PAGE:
ALFONSI, PETRUS (called before baptism Moses Sephardi, "the Spaniard"):

A controversialist and physician in ordinary to King Alfonso VI. of Castile; born at Huesca, Aragon, in 1062, and died in 1110 at the age of forty-eight. He embraced Christianity and was baptized at Huesca on St. Peter's day, June 29, 1106, in his forty-fifth year. In honor of the saint and of his royal patron and godfather he took the name of Petrus Alfonsi (Alfonso's Peter). Like all the apostates of his time, he sought to show his zeal for the new faith by attacking Judaism and defending the truths of the Christian faith. He composed a series of twelve dialogues against the Jews, the supposed disputants being Mose and Pedro (= Moses Sephardi and Petrus Alfonsi, or, in other words, himself before and after conversion). Though the work is overpraised by Raymund Martin, in his "Pugio Fidei," and others equally biased, it is but little known to-day; and, as Steinschneider observes ("Hebr. Uebers." p. 933), fully merits the oblivion into which it has fallen. The "Dialogi in quibus impiæ Judæorum . . . opiniones . . . confutantur," the full title of which is given in Wolf, "Biblioteca Hebræa" (i. 971) and Fürst, "Bibl. Jud." (i. 36), appeared at Cologne in 1536 and later in "Biblioteca Patrum" (xii. 358, xxi.; ed. Lugdunensis, p. 172; ed. Migne, t. 157, p. 535). Other books are ascribed to him, and he is sometimes confounded with Petrus Hispanus of the thirteenth century. See Steinschneider (l.c. p. 470, § 282; p. 934, § 557, note 208), who regards him as the probable translator of the "Canones Tabularum" ("Cod. Corp. Chr." 283, 13; f. 141b) from the Arabic. It is ascribed to one Petrus Anfulsus, who is very likely identical with Alfonsi (see Steinschneider, "Hebr. Bibl." 1882, xxi. 38; "Hebr. Uebers." pp. 985, 986, § 589).

Another controversial tract, described as a dialogue "Inter Petrum Christianum et Moysem Hæreticum" (Codex Merton, 175b, f. 281; in Coxe's "Cat." p. 69), is said to have been written by Petrus Alphonsi (compare "Hebr. Bibl." xxi. 38). In Cambridge University, England, there is a manuscript of the fifteenth century bearing the title: "De Conversione Petri Alfonsi Quondam Judæi et Libro Ejus in Judæos et Saracenos," which is mentioned in Steinschneider's "Polemische und Apologetische Literatur," 1877, p. 224 (compare p. 235, No. 5, s.v. Epistola).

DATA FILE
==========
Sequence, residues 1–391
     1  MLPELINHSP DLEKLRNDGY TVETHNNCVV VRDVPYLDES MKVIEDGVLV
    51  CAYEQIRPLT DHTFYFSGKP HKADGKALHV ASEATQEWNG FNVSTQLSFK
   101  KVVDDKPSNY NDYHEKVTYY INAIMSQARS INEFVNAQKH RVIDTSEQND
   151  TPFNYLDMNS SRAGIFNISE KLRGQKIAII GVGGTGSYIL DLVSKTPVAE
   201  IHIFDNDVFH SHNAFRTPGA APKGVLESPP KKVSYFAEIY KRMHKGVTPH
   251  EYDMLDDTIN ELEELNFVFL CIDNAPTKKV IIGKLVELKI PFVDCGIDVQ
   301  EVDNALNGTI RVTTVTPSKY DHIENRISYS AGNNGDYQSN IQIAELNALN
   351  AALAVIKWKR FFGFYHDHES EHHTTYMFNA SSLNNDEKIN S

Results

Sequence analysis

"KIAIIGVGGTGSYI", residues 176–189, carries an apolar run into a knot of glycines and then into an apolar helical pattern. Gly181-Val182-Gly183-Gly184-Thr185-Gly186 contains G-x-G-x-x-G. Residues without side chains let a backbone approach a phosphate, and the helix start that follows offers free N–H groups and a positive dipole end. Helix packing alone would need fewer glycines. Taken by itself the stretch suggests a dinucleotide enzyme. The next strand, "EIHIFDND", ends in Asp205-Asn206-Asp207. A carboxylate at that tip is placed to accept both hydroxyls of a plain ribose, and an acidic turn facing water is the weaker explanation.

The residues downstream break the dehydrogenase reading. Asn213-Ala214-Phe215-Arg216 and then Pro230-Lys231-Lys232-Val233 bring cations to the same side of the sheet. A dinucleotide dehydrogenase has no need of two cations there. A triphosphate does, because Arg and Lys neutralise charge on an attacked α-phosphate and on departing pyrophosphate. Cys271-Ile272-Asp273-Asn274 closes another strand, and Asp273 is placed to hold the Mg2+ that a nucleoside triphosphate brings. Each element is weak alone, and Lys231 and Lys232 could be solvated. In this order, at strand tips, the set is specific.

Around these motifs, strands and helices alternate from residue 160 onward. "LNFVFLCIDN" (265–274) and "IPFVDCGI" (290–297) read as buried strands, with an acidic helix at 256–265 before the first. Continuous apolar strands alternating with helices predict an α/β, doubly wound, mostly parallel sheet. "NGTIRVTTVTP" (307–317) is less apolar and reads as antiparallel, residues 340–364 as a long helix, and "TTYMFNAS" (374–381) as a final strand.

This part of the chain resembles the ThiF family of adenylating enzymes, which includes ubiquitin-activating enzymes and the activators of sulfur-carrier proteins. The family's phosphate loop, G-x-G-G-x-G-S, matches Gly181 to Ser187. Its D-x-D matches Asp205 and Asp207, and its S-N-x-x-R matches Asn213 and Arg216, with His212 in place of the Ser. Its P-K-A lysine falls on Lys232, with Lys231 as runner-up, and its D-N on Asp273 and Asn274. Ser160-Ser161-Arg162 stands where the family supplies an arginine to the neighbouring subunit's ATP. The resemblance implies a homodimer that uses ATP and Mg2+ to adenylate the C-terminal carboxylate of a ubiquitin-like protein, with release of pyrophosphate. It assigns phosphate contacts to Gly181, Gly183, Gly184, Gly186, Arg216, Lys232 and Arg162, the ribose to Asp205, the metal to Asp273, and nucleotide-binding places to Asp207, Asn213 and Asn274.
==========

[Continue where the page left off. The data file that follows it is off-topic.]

Alfonsi's fame rests chiefly on a collection of thirty-three tales, composed in Latin. This collection has enjoyed a most remarkable popularity, and is, on that account, an interesting subject of study in comparative literature. It is entitled "Disciplina Clericalis," or "A Training-school for the Clergy," and was often used by clergymen in their discourses, notwithstanding the questionable moral tone of some of the stories. The work is important as throwing light on the migration of fables, and is almost indispensable to the student of medieval folk-lore. Translations of it into French, Spanish, and German are extant; and Joseph Jacobs has recently discovered some of the stories at the end of Caxton's translation of the fables of Æsop, where thirteen apologues of "Alfonce" are taken from the "Disciplina Clericalis."

An outline of the tales, by Douce, is prefixed to Ellis' "Early English Metrical Romances." Nearly all the stories are adopted in the "Gesta Romanorum." Chapters ii. and iii. were done into Hebrew and issued under the title , "Book of Enoch," Constantinople, 1516; Venice, 1544 and 1605. An early French translation of this Hebrew extract was made prior to 1698 by Piques, and August Pichard published another version in Paris, 1838.

  • The whole literature is put together and discussed in Steinschneider's Hebr. Uebers. (pp. 934-935). Mention should be made of the scholarly edition of F. W. V. Schmidt, Berlin, 1827, to whose notes Steinschneider offers very valuable emendations and parallels from Oriental and Western folk-lore.
  • Steinschneider, Manna, 1847, pp. 102, 114;
  • idem, Cat. Bodl. cols. 549, 550, 733, 734;
  • idem, Jewish Literature, p. 174;
  • the authorities mentioned in B. P[ick]'s article, Pedro Alfonso, in McClintock and Strong's Cyclopedia, vii. 864, 865;
  • W. A. Clouston, Flowers from a Persian Garden, p. 100, London, 1890;
  • Jacobs, Jewish Ideals, 1896, pp. 141-143, lays stress on Alfonsi's importance as one of the intermediaries between Eastern and Western folk-lore, and quotes one of Caxton's stories from "Alfonce."
G. A. K.
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